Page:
Crump, Simon Richard (2014) My Elvis Blackout and Neverland: Truth, Fiction and Celebrity in the Postmodernist Heterobiographical Composite Novel. Doctoral thesis, University of Huddersfield.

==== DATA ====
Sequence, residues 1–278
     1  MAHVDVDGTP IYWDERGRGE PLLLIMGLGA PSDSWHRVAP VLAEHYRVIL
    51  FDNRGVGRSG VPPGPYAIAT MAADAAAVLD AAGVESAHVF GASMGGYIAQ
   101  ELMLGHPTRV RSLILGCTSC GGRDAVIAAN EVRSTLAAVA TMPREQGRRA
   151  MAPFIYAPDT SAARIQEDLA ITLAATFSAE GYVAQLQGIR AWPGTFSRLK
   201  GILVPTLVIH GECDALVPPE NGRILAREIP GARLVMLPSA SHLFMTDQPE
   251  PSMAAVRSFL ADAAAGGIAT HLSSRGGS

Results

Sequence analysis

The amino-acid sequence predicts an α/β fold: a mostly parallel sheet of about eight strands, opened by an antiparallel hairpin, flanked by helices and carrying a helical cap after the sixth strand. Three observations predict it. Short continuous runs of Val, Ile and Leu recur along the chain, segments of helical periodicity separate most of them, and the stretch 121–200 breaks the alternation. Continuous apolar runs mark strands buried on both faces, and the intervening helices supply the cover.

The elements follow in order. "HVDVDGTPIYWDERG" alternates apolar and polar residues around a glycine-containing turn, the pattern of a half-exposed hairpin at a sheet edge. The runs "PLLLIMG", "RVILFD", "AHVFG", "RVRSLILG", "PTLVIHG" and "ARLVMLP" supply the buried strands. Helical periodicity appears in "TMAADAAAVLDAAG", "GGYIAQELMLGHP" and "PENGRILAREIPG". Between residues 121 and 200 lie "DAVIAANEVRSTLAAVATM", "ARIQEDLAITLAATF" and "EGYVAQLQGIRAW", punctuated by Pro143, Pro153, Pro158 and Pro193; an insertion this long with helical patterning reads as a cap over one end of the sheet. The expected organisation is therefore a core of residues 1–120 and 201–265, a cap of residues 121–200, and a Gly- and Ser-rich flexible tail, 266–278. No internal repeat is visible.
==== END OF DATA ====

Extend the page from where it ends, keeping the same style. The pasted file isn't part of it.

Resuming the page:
A PhD by publication comprising two of my books, My Elvis Blackout and Neverland, accompanied by a reflective and critical exegesis, which examines notions of truth, fiction and celebrity in the composite novel through a broadly analytical and practice-based methodology. The exegesis begins by exploring the links between the methodology of the fine artist and the new creative writer. It then demonstrates that My Elvis Blackout and Neverland represent an original contribution to knowledge in the way that they explore and develop literary form (the ‘composite’ novel), and, in their exploration of celebrity, myth-making and fictional hagiography, and that the two books function as performative critiques which probe the boundaries between fiction and the fabricated reality of celebrity culture. My exegesis analyses Linda Boldrini’s term ‘heterobiography’ (2012) with particular reference to Michael Ondaatje’s The Collected Works of Billy The Kid (1981), which as a bricolage relies upon the reader’s pre-conceived recognition of the historicity of its protagonist and continually tests the boundaries between fact and fiction. In this section of the exegesis, I propose that what sets My Elvis Blackout and Neverland apart from Billy The Kid is that whilst Ondaatje’s book certainly does exploit the confusions between fact, fiction, autobiography and history, it remains firmly set within the timeframe that its historical protagonist inhabits. My Elvis Blackout and Neverland remain grounded within their readers’ expectations of American settings contemporary to their nominative protagonists, but both books also feature dilations in both historical and geographical setting. Through analysis I have come to perceive ‘the celebrity persona’ as an identikit image assembled by thousands of witnesses. A photo fit photomontage tiered with impressions of subjective provenance, each layered transparency filtered through the fears and desires of fans and critics. Whereas other historiographic metafictions use historical figures as singular characters, My Elvis Blackout and Neverland can be seen to be utilising an ‘identikit’ concept to present their respective protagonists as manyheaded Hydras, or multiple probability ‘versions’ from parallel universes. By a conflation of terms, Hutcheon’s ‘historiographic metafiction’ (1988) and Boldrini’s ‘heterobiography’ (2012), My Elvis Blackout and Neverland are in fact historiobiographic metafictions. The exegesis concludes by establishing my own works’ live impact on the overarching celebrity metanarratives, and their inevitable organic status.

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